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Retro Electro Tech


  • Writer's pictureRetro Ernest

This article will address some key points concerning the lubrication of potentiometers, switches and faders commonly encountered when servicing vintage audio equipment. Furthermore, since control lubrication is obviously the name of the game here, let’s “slide right in” to this topic.


Many in the audio world, including myself, will shell out the big dollars for the popular purpose-based DeoxIT Faderlube F100 lubricant by Caig Labs. I’m not an endorser of their product line, however, since it’s a good product that I keep on hand, along with their DFG-213 Fader Grease, I wanted to make mention of it. However, other than Faderlube and Fader Grease, I don’t use any of their other formulations. It’s not that I have an issue with their product line, I just have other preferences and employ other service methods that are non-conducive to their other offerings. Nevertheless, they’ve been around a long time, their products are widely available and well regarded among audio enthusiasts etc.; that’s why I referred to some of their products. In addition, and interchangeably, I will use high-quality clean silicone-based oils and a variety of premium silicone based and other synthetic greases etc.


After a control is properly cleaned (yet another topic), the objective of applying a proper lubricant, is to add it to the resistive / carbon track of the potentiometer and distribute it along that track as you rotate the shaft; this results in the wiper contact(s) sweeping the lubricant across the track surface. You only want to add literally a drop or two (depending on the surface area / size of the control), since you never want to over lubricate. Again, because it has a lighter viscosity, you don't want to apply an excessive amount that's going to "creep" all over the place and become too much of an attractant to dust and debris and contribute to other problems. It's all about providing a protective coating to the conductive surfaces (track and wiper contacts) while assuring smooth travel and the prevention of premature wear.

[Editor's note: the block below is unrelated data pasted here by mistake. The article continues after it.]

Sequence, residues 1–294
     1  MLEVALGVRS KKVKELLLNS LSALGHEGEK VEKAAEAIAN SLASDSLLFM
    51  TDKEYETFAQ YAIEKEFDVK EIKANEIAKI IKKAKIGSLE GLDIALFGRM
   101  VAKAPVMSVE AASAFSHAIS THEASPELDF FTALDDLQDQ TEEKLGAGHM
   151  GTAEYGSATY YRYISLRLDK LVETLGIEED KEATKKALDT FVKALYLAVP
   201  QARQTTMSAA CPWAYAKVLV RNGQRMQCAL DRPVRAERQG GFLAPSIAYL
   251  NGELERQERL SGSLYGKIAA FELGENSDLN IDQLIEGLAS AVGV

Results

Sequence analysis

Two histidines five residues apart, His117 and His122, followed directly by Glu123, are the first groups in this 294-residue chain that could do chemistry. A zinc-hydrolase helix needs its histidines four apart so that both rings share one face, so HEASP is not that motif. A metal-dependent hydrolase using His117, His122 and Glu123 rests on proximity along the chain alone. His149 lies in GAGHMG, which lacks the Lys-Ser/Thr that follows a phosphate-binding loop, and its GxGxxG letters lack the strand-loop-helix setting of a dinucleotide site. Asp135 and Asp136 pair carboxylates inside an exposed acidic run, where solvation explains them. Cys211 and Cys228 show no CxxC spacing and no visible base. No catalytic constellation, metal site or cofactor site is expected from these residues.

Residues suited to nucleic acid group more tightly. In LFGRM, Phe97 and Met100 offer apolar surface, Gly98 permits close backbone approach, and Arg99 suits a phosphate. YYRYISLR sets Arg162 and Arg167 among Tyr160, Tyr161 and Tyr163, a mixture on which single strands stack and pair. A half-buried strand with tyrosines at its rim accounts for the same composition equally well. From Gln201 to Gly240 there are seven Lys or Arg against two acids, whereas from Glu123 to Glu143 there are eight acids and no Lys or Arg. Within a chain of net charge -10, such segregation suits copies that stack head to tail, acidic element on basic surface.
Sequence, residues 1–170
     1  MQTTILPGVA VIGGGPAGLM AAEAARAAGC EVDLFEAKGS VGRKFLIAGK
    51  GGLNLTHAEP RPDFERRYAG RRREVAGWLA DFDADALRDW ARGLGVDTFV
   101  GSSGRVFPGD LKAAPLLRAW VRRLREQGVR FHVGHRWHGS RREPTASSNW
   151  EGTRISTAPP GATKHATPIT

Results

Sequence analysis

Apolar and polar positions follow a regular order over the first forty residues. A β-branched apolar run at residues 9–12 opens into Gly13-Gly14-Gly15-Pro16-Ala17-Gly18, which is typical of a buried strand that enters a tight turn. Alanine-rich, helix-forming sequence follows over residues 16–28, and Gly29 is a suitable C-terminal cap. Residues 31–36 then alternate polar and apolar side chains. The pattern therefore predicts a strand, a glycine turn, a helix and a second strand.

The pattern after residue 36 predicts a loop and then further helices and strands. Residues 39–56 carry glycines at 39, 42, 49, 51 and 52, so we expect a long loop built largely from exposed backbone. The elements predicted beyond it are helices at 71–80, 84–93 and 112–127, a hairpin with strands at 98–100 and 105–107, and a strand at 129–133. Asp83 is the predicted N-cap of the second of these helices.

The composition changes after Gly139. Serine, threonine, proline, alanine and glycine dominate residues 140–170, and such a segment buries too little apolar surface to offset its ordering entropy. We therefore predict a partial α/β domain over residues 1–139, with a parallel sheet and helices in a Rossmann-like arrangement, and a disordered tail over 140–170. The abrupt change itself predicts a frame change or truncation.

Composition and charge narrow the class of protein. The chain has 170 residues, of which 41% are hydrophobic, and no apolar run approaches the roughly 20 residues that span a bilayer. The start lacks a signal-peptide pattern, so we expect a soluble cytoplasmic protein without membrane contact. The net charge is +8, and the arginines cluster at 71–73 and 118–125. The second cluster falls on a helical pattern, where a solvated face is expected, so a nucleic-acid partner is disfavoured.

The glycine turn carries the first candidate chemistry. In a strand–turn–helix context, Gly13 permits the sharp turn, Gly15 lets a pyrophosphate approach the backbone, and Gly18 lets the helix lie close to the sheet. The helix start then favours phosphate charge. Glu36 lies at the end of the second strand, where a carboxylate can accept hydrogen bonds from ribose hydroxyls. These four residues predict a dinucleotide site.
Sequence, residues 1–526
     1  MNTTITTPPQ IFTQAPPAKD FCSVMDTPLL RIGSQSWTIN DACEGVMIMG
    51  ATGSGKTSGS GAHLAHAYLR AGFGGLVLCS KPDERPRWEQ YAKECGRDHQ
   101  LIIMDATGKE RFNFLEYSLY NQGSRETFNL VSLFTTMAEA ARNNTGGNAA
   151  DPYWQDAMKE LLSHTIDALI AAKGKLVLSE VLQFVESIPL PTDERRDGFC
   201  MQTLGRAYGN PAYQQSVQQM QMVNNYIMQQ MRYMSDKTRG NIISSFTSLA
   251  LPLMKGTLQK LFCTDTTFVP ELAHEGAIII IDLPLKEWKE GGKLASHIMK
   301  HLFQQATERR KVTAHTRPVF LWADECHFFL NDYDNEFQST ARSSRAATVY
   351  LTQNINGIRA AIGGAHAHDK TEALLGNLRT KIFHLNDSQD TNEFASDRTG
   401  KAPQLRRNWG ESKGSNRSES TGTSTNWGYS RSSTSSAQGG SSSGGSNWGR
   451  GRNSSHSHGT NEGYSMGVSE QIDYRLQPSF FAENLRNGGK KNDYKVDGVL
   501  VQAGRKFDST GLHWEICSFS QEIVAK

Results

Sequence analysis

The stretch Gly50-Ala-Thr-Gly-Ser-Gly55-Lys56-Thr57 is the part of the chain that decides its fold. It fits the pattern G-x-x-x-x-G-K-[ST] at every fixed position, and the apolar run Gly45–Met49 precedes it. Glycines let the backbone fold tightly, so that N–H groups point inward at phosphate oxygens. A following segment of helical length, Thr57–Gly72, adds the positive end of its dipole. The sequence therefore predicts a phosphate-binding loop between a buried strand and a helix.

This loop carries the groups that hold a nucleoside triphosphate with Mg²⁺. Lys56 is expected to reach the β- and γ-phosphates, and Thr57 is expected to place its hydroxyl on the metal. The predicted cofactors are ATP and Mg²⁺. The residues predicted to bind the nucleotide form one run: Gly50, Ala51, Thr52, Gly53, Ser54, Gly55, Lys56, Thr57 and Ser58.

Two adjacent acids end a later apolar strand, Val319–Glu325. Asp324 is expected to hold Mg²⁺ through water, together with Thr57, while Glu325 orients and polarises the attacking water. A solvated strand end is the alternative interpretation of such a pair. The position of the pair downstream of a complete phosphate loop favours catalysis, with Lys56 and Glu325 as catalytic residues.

You can also purchase contact cleaner sprays with lubricants / protectants added; however, the use of such products (and there are several available) is not my preferred method of servicing controls, as I alluded to above. They’re ok for a “quicker fix” when dealing with a dirty / staticky control; however, for a deeper servicing of controls there are better ways to recondition problematic pots, switches, etc.


For the typical push button switches found onboard vintage receivers and amps, the principle is the same, but access into such switches can be more difficult. That’s another topic I won’t cover in this article, but just be aware that access to switches (and pots) can be a challenge based on the overall design / layout of the equipment. Assuming you’re able to gain access to a particular switch or set of switches, you may find they are of the “sealed” variety. Nonetheless, the objective is again to render the switch contacts clean and then apply a very small amount, i.e., a drop of lubricant in the body / cavity of the switch to assure smooth function and add a protective film to the contacts. So, as you can see, this is not a subject involving technically complex information, just a source of clarification regarding acceptable lubrication “types” and application.